Micro Scale Compression System

Order code

Compression testing on small specimen

  • Compress specimens between 50-2000 µm
  • Motorized piezo stage
  • Integrated camera system

Click here to view the current Data Sheet

Click here to see the video that shows how Dr. Todd McDevitt's laboratory at Georgia Tech is using the Cell Scale Microsquisher on stem cell aggregates.


  • Specimen can be tested in ambient air or in a temperature-controlled fluid bath
  • Determine compressive stress-strain properties of variety of materials


  • Compression testing on specimens between 50 µm and 2mm
  • Displacement-controlled compression and stress relaxation testing

The MicroSquisher is designed to perform compression testing on specimens between 50 µm and 2 mm with force resolutions as small as 50 nN. Forces are determined from the deflection of a flexible cantilever beam to which one compression plate is attached. Displacement control is achieved by manipulating the base of that beam using a motorized piezo stage. An integrated camera system allows synchronized imaging at up to 5 Hz.

Micro-scale material characterization

The MicroSquisher can be used to determine the compressive stress-strain properties of a variety of materials (hydrogel microspheres, small tissue samles, scaffolds and cell aggregates) with peak forces ranging from 1μN to 1mN. 

The device can perform displacement-controlled compression and stress relaxation testing.

The graphs below demonstrate the range of force measurements that can be achieved using the device.  Use different cantilever beam lengths and cross sections to change the force range.

Micro-Scale Material Characterization graph

Micro-Scale Material Characterization graph

Cell Aggregate Compression

The interface tensions that exist play an important role in the organization of cells within aggregates. These properties can be determined by analyzing the force-time curve and test images from a parallel plate compression test.

Cell Aggregate Compression

The MicroSquisher image analysis module quantifies the aggregate profile, allowing cell-cell and cell-medium interface tensions to be calculated.

Cell Aggregate Compression

System Overview

Micro Scale Compression System
1.  Camera (1280X960 pixel USB)
2.  Zoom Lens System (0.3–4.2mm field of view)
3.  Vertical Position Stage (manual imaging adjustment)
4.  Test Chamber (details below)
Micro Scale Compression System
1.  Temperature controller fluid  chamber
2.    Vertical stage position feedback sensor (0.1µm resolution)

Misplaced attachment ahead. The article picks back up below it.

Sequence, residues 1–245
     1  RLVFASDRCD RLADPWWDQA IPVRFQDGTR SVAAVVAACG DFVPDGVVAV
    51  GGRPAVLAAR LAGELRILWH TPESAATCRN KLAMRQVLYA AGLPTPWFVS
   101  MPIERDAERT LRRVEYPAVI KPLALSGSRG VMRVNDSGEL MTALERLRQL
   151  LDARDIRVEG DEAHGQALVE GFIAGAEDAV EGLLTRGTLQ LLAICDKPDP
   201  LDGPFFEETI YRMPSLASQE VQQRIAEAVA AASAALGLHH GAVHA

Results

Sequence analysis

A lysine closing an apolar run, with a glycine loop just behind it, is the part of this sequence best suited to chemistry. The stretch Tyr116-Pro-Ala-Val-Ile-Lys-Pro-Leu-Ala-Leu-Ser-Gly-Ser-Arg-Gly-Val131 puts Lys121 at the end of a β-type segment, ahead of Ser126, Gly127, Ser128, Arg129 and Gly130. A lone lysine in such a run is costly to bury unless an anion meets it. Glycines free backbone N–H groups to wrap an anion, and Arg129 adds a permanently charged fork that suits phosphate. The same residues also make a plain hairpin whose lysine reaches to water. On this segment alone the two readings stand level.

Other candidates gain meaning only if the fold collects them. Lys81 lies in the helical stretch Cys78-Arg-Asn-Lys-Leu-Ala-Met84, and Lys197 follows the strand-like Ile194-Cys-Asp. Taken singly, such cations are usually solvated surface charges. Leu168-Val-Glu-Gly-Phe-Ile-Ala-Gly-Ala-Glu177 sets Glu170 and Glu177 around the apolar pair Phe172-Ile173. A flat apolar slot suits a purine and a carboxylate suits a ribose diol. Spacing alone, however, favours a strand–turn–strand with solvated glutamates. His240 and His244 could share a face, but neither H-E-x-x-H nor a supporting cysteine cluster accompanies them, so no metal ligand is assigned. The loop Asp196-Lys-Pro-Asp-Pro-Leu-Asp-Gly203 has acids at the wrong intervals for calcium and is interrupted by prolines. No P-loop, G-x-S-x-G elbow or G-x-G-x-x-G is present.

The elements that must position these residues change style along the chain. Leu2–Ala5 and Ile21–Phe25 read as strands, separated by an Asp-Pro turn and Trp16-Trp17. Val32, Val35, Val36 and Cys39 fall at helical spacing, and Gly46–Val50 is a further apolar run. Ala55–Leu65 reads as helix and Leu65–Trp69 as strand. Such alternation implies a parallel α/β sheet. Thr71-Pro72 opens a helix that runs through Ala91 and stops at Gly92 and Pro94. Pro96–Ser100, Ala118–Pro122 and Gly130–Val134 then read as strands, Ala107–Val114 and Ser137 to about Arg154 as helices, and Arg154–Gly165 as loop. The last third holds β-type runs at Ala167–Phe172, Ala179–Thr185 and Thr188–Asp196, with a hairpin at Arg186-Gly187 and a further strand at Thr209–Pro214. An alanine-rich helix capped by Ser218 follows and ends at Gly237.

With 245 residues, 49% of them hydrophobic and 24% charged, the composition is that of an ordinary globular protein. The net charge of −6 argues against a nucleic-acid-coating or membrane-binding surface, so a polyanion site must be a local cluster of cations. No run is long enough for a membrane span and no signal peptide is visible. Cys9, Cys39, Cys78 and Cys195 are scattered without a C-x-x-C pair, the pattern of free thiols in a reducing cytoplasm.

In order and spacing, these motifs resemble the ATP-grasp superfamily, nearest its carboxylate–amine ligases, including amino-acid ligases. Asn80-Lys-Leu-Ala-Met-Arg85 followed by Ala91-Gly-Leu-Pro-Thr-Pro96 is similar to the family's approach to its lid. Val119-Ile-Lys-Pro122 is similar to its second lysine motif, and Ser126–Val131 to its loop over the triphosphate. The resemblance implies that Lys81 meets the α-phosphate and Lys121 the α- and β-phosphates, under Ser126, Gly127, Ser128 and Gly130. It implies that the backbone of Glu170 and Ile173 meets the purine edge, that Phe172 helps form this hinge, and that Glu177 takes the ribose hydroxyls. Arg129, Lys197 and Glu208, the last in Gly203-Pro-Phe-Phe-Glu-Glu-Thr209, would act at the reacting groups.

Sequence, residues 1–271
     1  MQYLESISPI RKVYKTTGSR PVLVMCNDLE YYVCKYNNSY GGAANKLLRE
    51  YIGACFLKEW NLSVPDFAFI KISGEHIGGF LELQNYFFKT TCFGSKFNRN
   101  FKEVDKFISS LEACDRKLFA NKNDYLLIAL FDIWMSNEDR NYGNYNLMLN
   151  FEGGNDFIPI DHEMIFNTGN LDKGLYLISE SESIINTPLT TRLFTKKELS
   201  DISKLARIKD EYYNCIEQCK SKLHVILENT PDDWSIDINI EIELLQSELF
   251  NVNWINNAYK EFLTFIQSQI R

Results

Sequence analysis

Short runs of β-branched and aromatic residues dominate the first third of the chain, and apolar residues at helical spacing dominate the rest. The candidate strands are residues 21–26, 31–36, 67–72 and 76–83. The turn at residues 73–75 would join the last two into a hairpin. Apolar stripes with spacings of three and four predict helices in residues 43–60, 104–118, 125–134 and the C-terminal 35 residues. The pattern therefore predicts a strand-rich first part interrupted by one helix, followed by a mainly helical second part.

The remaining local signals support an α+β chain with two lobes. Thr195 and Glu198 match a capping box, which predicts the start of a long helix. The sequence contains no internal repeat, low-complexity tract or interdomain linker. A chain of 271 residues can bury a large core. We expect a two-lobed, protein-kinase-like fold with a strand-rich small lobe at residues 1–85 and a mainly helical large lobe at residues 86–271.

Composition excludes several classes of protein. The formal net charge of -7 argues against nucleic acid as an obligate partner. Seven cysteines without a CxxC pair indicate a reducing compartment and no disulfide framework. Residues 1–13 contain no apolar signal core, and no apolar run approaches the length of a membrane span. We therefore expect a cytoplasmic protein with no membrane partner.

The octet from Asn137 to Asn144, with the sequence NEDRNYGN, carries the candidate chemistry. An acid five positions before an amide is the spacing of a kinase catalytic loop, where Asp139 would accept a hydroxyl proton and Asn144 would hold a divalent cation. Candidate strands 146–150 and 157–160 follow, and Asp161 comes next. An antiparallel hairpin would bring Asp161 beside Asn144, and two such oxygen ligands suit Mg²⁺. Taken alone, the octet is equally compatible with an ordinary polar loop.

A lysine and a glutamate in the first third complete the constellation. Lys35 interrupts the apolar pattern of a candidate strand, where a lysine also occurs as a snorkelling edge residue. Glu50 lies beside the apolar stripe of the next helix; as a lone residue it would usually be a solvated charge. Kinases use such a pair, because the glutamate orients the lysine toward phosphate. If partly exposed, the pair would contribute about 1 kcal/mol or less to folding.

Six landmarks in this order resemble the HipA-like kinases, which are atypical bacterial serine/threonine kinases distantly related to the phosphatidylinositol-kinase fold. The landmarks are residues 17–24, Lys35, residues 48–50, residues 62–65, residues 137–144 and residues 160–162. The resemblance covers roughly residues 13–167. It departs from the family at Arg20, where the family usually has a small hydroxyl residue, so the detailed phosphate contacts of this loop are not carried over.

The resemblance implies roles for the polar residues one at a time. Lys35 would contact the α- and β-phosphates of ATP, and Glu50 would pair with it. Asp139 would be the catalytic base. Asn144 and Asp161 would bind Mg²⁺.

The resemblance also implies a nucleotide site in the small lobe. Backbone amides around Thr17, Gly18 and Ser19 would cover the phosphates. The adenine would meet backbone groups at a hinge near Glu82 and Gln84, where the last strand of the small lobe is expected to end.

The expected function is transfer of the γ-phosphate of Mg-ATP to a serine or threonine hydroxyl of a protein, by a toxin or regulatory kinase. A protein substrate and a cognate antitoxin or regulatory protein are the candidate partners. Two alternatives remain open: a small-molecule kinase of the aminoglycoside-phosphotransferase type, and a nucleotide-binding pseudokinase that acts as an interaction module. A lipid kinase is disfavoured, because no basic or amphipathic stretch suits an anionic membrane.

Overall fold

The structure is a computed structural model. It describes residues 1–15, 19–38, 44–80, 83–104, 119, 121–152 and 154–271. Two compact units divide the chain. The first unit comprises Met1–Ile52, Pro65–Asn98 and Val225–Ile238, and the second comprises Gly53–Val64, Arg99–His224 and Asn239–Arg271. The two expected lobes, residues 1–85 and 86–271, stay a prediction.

3.    Axis piezo motor positioning system (0.05µm incremental motion)
4.    Cantilever beam load applicator with attached upper compression plate



Specimen Size 50-2000 μm
Force Resolution >0.05 µN
Sampling Rate  up to 5 Hz

Gillies, D., Gamal, W., Downes, A., Reinwald, Y., Yang, Y., El Haj, A., & Bagnaninchi, P. O. (2017). Real-time and non-invasive measurements of cell mechanical behaviour with optical coherence phase microscopy. In K. V. Larin & D. D. Sampson (Eds.), (p. 100670Y). International Society for Optics and Photonics. http://doi.org/10.1117/12.2251492

Pradhan, S., Hassani, I., Seeto, W. J., & Lipke, E. A. (2017). PEG-fibrinogen hydrogels for three-dimensional breast cancer cell culture. Journal of Biomedical Materials Research Part A, 105(1), 236–252. http://doi.org/10.1002/jbm.a.35899

Silva, K. R., Rezende, R. A., Pereira, F. D. A. S., Gruber, P., Stuart, M. P., Ovsianikov, A., … Mironov, V. (2016). Delivery of Human Adipose Stem Cells Spheroids into Lockyballs. PLOS ONE, 11(11), e0166073. http://doi.org/10.1371/journal.pone.0166073

Wang, Y., Yu, X., Baker, C., Murphy, W. L., & McDevitt, T. C. (2016). Mineral particles modulate osteo-chondrogenic differentiation of embryonic stem cell aggregates. Acta Biomaterialia, 29, 42–51. http://doi.org/10.1016/j.actbio.2015.10.039

Baraniak, P. R., Cooke, M. T., Saeed, R., Kinney, M. A., Fridley, K. M., & McDevitt, T. C. (2012). Stiffening of human mesenchymal stem cell spheroid microenvironments induced by incorporation of gelatin microparticles. Journal of the Mechanical Behavior of Biomedical Materials, 11, 63–71. http://doi.org/10.1016/j.jmbbm.2012.02.018

Brodland, G. W., Yang, J., & Sweny, J. (2009). Cellular interfacial and surface tensions determined from aggregate compression tests using a finite element model. HFSP Journal, 3(4), 273–81. http://doi.org/10.2976/1.3175812

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